Monarch Park Ponds Restoration: A Collaborative Effort for Sustainable Fishing Access

Instream structure at the Monarch Park Ponds.

Near the top of Monarch Pass, which rises to 11,312 feet, are the Monarch Park Ponds nestled among this picturesque landscape. During the summer of 2023, a restoration project quietly unfolded as a testament to the power of collaboration. This ambitious endeavor was not just about restoring lost fishing access, but also about rejuvenating an ecosystem that has faced challenges for 15 years.

Spearheaded by Trout Unlimited in partnership entities such as the U.S. Forest Service (USFS), Colorado Parks and Wildlife (CPW), Newmont’s Cripple Creek & Victor Gold Mine, Freeport McMoRan, Colorado Department of Transportation (CDOT), U.S. Lime and Minerals, and Collegiate Peaks Chapter of TU, this restoration project set new standards in environmental stewardship.

“For more than 15 years, the Monarch Park Ponds have faced increasing sediment accumulation stemming from the surrounding basin and highway,” said Jason Willis, TU’s western Abandoned Mine Lands (AML) program director. “The degradation of these ponds prompted a comprehensive restoration effort and desire to replace the expected loss of fishing access from the nearby South Fooses Dam removal that is scheduled to take place in 2024.”

In response to the substantial sediment accumulation that had filled several ponds due to the adverse impacts of highway sand and erosive decomposing soils, a series of initiatives were implemented to breathe new life into these ponds. Undertaking an exhaustive dredging effort, approximately 1,860 cubic yards of dredge material were meticulously transported to U.S. Lime and Minerals for stockpiling.

Dredging one of the ponds

Next, nine trees with roots intact were used to plug the old pond outlet resulting in undercut habitat for fish. This structure also allowed for the construction of a new channel between two of the ponds to protect a nearby access road from future encroachment.

A degraded levee near the ponds also received an upgrade with TU bolstering the spillway with a mix of riprap (angular rock between 4 and 12 inches), 3 to 4-foot boulders, and native vegetation to maintain the desired water levels in the ponds. This also allowed excess water to enter the spillway in a controlled manner and continue to move downstream.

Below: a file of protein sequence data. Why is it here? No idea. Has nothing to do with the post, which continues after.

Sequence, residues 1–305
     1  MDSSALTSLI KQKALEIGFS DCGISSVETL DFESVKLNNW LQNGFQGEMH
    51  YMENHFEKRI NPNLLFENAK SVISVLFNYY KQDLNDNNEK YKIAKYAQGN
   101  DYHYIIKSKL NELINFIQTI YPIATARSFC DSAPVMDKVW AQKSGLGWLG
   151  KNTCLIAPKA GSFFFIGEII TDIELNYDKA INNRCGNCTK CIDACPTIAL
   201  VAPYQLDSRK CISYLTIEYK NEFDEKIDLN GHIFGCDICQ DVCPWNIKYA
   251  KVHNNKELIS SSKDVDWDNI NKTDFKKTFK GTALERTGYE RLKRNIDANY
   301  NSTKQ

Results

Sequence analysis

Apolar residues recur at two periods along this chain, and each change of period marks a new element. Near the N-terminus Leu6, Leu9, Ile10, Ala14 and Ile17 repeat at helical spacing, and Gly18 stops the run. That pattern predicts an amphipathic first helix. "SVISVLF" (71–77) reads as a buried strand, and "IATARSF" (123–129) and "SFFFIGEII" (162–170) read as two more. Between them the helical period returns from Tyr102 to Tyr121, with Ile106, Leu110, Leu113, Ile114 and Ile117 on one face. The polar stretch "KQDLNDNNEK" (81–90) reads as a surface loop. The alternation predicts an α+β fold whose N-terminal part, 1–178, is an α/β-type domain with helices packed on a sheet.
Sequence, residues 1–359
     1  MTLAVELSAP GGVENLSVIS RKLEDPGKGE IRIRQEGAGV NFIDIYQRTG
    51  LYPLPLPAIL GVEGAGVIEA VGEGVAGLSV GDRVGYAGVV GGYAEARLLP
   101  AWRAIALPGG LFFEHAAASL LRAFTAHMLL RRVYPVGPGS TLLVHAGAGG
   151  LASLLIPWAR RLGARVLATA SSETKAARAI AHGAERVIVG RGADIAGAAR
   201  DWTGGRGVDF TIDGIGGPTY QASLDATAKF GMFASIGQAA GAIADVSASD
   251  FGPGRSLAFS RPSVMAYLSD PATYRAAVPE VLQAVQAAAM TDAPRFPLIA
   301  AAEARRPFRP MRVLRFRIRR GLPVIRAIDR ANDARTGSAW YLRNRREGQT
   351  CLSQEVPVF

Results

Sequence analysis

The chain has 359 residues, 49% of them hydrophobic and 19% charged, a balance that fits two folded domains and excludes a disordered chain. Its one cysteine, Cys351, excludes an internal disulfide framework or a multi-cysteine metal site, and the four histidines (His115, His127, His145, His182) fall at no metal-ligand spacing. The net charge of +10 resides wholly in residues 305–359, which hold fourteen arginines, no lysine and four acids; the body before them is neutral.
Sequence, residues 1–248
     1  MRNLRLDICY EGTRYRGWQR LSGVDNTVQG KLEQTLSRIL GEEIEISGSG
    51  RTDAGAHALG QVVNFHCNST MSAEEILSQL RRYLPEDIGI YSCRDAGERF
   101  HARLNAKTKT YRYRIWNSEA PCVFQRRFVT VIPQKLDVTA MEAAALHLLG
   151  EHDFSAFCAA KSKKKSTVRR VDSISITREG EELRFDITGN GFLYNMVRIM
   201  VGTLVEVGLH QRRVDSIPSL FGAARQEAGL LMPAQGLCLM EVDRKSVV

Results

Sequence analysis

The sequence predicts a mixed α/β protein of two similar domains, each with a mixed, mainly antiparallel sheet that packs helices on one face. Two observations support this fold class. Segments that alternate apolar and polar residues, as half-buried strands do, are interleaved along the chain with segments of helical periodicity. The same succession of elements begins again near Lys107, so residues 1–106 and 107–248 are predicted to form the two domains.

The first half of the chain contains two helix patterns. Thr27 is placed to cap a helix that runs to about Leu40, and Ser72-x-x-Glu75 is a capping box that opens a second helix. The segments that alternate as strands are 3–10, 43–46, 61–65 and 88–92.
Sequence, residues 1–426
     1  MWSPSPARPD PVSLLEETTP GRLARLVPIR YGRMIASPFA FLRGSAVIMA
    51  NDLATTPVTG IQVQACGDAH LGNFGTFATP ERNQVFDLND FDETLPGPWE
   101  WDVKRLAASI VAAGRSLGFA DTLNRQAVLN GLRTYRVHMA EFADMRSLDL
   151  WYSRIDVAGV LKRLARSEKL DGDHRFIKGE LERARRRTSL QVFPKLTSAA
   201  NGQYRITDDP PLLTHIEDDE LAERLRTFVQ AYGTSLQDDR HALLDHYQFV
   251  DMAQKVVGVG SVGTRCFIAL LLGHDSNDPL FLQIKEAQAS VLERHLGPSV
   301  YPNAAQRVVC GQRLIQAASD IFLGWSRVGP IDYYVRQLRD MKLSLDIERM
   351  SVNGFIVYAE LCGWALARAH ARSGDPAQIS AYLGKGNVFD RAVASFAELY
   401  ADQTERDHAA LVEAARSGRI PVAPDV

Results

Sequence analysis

Additional measures, such as channel shaping, bank stabilization, erosion controls, and grade controls were also undertaken to improve habitat and allow for renewed fishing opportunities next year.

Spillway outlet at the ponds

“The success of the Monarch Park Ponds Restoration project is indebted to the generous contributions and collaborative spirit of its diverse group of partners,” said Willis. “Our partners played pivotal roles in donating the time, equipment, and manpower to the project. Newmont Mining, Freeport McMoRan, and TU’s Keystone Agreement with the USFS also provided essential funding, infusing the project with the financial support required for its ambitious goals.”

As the landowner, the USFS was also instrumental in providing staff specialists to complete necessary environmental review processes, concurrence, and project oversight. The great communication by USFS throughout the project really allowed partners to collaborate on ideas and crucial field decisions.  

In terms of time and resources, CDOT and CPW made significant contributions. CDOT, recognizing the importance of the project, contributed haul trucks and facilitated the transportation of dredge material to U.S. Lime and Minerals. CPW, on the other hand, demonstrated their commitment by donating personnel time, expert operator time, and crucial equipment such as an excavator and loader. Their contributions went beyond mere support, with both agencies actively participating in the restoration process and contributing to the project’s success.

One of the ponds after dredging

As a key partner, U.S. Lime and Minerals also demonstrated unparalleled generosity by allowing project partners to surpass the initially planned dredging amount. This flexibility enabled the removal of additional accumulated material from the ponds, contributing significantly to the overall success of the restoration.

The TU Collegiate Peak Chapter will also become a driving force for the project’s future phases. Securing a grant for the installation of an ADA pier on one of the ponds, this chapter will play a crucial role in addressing the accessibility challenges that will occur from the removal of Fooses Dam next year.

In essence, the Monarch Park Ponds Restoration project stands as a shining example of what can be achieved through collaboration and environmental stewardship. This unique restoration initiative, fueled by federal infrastructure funding, not only restores lost fishing access but also ensures a sustainable future for the local community. With improved ADA access, enhanced habitats, and a commitment to ecological balance, Monarch Park Ponds is poised to become a haven for anglers as well as a thriving ecosystem for generations to come.